Microsoft Seeks Patent on Timed S/W Licenses
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Microsoft has applied for a patent on a software licensing technology that could be used to bill users for the time they spend computing, just as if they were paying for minutes spent using a PC at an Internet cafe or like feeding the parking meter for their car.
It could turn out to be an important piece of technology in Microsoft's (NASDAQ: MSFT) evolving vision of services-in-the-cloud that work seamlessly with a mesh of PCs, TVs, and mobile phones. If granted, it could change the way users pay for computing in the cloud services universe.
Just don't run out of change.
The application's abstract describes it as a method "for issuing a number of different types of time-based licenses." Lawyers for Microsoft filed the patent application in April 2008, according to the date of the document posted online by the U.S. Patent and Trademark Office (USPTO). It was made public Thursday.
The types of licensing scenarios described in the application are far more pragmatic than analogies can convey, with things like ways to enable software for timed trial periods and to be able to reset the timer or provide a grace period. The application states that the requested patent deals with multiple ways of using time-based licenses with software.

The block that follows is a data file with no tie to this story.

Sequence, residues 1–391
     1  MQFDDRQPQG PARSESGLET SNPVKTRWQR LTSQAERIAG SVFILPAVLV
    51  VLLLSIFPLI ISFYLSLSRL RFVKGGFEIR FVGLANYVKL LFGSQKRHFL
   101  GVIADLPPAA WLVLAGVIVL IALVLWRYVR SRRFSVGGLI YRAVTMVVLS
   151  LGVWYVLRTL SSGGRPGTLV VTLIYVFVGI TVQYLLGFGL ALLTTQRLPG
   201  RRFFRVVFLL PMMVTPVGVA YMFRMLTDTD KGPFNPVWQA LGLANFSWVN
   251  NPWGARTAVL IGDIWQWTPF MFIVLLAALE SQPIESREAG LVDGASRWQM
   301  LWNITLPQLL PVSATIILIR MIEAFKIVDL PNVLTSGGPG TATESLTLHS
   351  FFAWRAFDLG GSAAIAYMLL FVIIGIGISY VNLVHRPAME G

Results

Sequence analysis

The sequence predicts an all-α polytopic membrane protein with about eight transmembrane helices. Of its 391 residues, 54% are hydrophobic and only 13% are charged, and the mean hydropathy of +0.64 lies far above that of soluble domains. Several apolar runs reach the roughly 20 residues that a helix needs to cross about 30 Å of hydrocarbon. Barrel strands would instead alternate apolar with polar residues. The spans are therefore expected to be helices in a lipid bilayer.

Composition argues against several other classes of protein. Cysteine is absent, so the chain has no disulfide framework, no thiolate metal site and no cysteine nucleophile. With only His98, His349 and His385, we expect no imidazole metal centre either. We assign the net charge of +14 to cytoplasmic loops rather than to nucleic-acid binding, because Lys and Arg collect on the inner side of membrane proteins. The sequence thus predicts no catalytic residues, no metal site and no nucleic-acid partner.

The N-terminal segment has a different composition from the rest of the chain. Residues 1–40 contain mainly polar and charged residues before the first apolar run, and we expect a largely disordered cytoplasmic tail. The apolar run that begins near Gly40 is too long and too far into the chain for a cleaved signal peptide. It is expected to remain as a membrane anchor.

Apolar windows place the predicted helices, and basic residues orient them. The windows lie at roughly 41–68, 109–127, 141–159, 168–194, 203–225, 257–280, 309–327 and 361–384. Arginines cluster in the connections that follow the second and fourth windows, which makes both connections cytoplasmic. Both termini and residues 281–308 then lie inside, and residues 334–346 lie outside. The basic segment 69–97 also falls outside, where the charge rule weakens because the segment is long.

"The licensing business models may include a non-renewable evaluation license, a renewable trial license, a one-time promotion license, and a subscription license," the application's abstract said. "In some embodiments, a configurable parameter may indicate an amount of time for a grace period after a time-based license would have normally expired."
Like many large companies, part of Microsoft's research and development strategy includes stockpiling patents as a form of protection to ward off so-called 'patent trolls' as well as to counter competitors, and to pursue alleged infringers.
The latest application was first noted by blogger John Cook on the Puget Sound Business Journal's TechFlash site.
These days, it seems as if Microsoft is constantly embroiled in one lawsuit or another regarding patents. For example, the company currently is in various stages of fighting at least four major patent infringement cases.
Even an extensive portfolio of patents may not always provide a decisive win. Last month, for instance, a judge rejected a $358 million damage award against Microsoft but still found the company guilty of infringing a patent owned by Alcatel-Lucent.